Measuring Speed with Design Systems
A conversation between Amy Hupe, Nathan Curtis, and Dan Mall.
By Dan Mall — 01 May 2022 at 12:22:00 pm
Amy recently tweeted, “Increasingly I just think speed is a really dangerous and unhelpful design system metric.” Nathan and I both had some reactions to it, we had a quick, private group chat about it, and decided to discuss the topic informally in a way that others could listen into. Here’s a recording of the conversation we had.
There are many things we see eye-to-eye on, partially because we all influence each other through sharing our thoughts about design systems through tweets, articles, and many other forums. There are also a few things we see differently that came up in this conversation that I”d love to highlight here.
Speed as dangerous ammunition for leaders
Amy brought up a wise point that the overall culture of the tech industry is to focus on speed at the expense of most other things. The recently-popularized mantra “move fast and break things” comes to mind, and there’s certainly a good number of teams that adopt this school of thought as a rallying cry. Amy pondered whether the ability to go faster is weaponizing leaders to further the toxicity of driving their teams past breakneck speeds, at the expense of people’s well-being.
In my opinion, the problem isn’t the metric; it’s the culture. Speed—whether we’re talking about the efficiency of the team or the ability to get to market faster—is one of the strongest appeals of investing in a design system. Rather than throwing out the motivation, I say get rid of the leader that weaponizes it. Turn around the culture that allows someone to take a benefit that can enable good and pervert it to run people ragged.
Bold words, I know, and certainly easier said than done. But that’s the work. As consultants, our job is partly to teach teams new skills. More importantly, we have to teach teams—and especially their leaders—what to do with those new skills. We don’t outlaw money just because people use it to buy illegal drugs and weapons. We instead try and teach our kids that it’s better to buy someone a sandwich. And there’s always more educating to do.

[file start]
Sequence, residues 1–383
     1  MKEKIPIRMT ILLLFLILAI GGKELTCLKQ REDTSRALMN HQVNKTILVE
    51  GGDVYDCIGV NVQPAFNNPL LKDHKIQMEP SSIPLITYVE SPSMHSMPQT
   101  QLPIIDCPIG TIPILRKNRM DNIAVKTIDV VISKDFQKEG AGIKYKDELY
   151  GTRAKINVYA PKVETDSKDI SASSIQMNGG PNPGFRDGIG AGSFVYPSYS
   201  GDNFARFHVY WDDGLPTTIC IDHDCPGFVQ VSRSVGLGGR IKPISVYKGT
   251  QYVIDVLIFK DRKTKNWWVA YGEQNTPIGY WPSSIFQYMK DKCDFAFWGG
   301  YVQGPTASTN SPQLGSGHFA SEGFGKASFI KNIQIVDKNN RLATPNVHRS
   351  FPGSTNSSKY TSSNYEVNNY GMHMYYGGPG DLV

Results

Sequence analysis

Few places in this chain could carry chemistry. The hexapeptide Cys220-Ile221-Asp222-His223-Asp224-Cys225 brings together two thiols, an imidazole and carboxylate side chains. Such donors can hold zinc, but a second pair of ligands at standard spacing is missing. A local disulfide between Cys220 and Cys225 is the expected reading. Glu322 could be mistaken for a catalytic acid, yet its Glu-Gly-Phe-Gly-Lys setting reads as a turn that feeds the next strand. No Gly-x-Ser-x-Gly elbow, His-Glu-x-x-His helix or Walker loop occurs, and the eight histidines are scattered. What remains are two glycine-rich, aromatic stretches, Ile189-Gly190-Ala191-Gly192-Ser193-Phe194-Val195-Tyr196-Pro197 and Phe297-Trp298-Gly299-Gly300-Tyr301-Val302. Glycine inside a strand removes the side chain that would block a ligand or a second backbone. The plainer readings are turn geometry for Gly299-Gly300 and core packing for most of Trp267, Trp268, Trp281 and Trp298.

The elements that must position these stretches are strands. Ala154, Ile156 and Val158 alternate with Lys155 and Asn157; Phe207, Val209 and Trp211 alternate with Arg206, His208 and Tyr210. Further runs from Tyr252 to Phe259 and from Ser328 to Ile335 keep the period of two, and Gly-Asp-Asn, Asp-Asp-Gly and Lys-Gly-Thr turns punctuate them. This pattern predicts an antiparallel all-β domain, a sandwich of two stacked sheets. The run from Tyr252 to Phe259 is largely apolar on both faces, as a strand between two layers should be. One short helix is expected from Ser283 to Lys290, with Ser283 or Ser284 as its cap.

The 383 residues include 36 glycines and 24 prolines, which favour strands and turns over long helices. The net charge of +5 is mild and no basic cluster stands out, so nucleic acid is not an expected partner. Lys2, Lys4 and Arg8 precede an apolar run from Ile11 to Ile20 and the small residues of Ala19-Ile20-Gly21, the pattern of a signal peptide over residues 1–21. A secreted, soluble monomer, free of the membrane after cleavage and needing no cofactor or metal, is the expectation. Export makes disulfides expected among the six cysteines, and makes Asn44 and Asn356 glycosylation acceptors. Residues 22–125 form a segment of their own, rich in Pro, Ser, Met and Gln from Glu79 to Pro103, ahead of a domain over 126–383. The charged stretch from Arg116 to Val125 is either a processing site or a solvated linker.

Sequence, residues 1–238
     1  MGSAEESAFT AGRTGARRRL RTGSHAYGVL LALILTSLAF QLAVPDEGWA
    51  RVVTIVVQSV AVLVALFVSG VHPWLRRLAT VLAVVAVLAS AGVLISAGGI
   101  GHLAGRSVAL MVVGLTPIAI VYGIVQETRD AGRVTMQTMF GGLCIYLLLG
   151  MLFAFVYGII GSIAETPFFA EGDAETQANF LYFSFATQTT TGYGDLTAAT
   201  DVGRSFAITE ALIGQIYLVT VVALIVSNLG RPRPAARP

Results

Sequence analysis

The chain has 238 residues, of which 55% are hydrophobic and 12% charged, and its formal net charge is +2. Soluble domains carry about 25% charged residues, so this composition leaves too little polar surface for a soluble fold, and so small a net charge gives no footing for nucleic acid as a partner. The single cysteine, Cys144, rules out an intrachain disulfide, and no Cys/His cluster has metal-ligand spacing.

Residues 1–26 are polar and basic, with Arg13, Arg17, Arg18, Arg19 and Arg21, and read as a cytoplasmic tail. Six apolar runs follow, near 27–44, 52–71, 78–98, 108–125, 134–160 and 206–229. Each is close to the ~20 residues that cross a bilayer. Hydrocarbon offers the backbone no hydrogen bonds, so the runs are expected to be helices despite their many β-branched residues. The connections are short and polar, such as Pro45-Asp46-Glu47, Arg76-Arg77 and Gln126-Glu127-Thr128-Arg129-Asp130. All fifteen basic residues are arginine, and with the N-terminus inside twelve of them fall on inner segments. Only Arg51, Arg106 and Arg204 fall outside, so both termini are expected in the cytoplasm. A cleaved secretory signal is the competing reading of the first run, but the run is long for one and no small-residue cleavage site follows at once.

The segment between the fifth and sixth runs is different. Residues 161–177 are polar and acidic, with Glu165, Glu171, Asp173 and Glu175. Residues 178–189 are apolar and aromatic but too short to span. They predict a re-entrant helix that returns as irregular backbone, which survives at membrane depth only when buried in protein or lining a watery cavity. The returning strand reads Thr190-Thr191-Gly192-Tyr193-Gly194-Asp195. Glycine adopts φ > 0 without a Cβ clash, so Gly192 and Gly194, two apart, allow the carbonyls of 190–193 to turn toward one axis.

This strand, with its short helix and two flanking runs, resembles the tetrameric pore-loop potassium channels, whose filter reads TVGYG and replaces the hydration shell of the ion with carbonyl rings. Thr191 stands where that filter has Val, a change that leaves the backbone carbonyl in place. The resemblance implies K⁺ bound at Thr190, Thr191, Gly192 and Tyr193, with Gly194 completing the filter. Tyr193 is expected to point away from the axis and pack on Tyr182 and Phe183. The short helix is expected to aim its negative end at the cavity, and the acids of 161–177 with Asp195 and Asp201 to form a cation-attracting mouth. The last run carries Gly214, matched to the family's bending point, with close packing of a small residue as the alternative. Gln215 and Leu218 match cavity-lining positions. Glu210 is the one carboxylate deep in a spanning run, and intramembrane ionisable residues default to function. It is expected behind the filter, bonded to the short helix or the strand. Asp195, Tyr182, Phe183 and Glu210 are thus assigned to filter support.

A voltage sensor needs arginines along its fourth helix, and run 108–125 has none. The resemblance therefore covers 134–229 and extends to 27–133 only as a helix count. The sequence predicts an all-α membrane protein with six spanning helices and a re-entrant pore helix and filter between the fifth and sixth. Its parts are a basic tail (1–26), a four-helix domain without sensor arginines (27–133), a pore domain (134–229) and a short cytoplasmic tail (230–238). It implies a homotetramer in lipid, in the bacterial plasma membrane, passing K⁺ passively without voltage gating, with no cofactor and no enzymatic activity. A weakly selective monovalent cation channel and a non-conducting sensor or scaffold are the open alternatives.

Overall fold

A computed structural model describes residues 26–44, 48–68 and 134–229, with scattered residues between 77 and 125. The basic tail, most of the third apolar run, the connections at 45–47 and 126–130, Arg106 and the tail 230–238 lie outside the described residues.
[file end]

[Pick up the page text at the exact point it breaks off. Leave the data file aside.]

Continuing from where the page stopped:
The struggle is more real for someone that works in-house, especially if you don’t have the privilege of finding another job. (Yes, the simplest solution to working under a toxic leader is to find a different leader to work for, either at the same company or a different one, but that’s not an opportunity afforded to everyone.)
So what do you do in this situation? Hide the benefits. Design systems help you work faster. If a sprint of work would have taken your team 2 weeks of effort and a design system helps you do it in 1 week, work at half speed instead, don’t tell your boss, and turn it in at the 2 week mark anyway. Two wrongs don’t make a right, but one right still makes a right. If your boss won’t use the time savings for the benefit of your team, you can take the benefit and spread it around to your colleagues under-the-radar.
Overindexing on quality
Nathan also talked about quality and its high importance to design system success, but I think quality isn’t as important to design system work as people generally think it is. I’ve seen teams chase quality at the expense of adoption, and I think that’s the wrong tradeoff.
First, let’s define “quality.” Quality is “the degree of excellence of something.” As it relates to design systems, I’ve mostly seen that relates to components and either how beautifully they’re designed or how well they’ve been coded. I’ve worked with teams that will delay releasing a component for an extra week or two or four because the design could be better or because they’d like to refactor some code because it’s not as clean as they’d like it to be. Most times, those extra weeks don’t make any difference to how enticing the components are to feature teams. In my opinion, it’s just a waste of weeks that could have gone to other things that increase the likelihood of adoption.
In my opinion, the quality of design or code are some of the easiest things to improve iteratively, partly because:
- The initial levels of design or code quality needed for a feature team to find a component useful enough to implement in their codebase is usually lower than many design system teams think.
- Any improvement to a component is a software update away, especially for non-breaking changes like design quality updates—read: CSS changes only—tend to be.
I don’t believe we’re at the stage in our industry where teams are looking to adopt or create design systems as a way to improve the quality of their product offering. Sure, the promise of higher quality is there, but that’s often framed as a beneficial by-product, not the actual motivation. The real draw is the time saving.
Said differently, focusing on quality is a privilege available to the most mature teams. The majority of teams I encounter would love the ability to improve the quality of their products, but those are future problems. For now, they’re focused on what I believe is one of the primary draws of having a design system: establishing a shared way of working within an organization and having a tool that supports that. To me, that’s a smart roadmap and prioritization decision.
How’d all this sit with you? Strongly agree? Vehemently disagree? Amy, Nathan, and I have teed up a follow-up webinar to continue discussing these topics. Join us on May 3, 2022 and let us know what you think!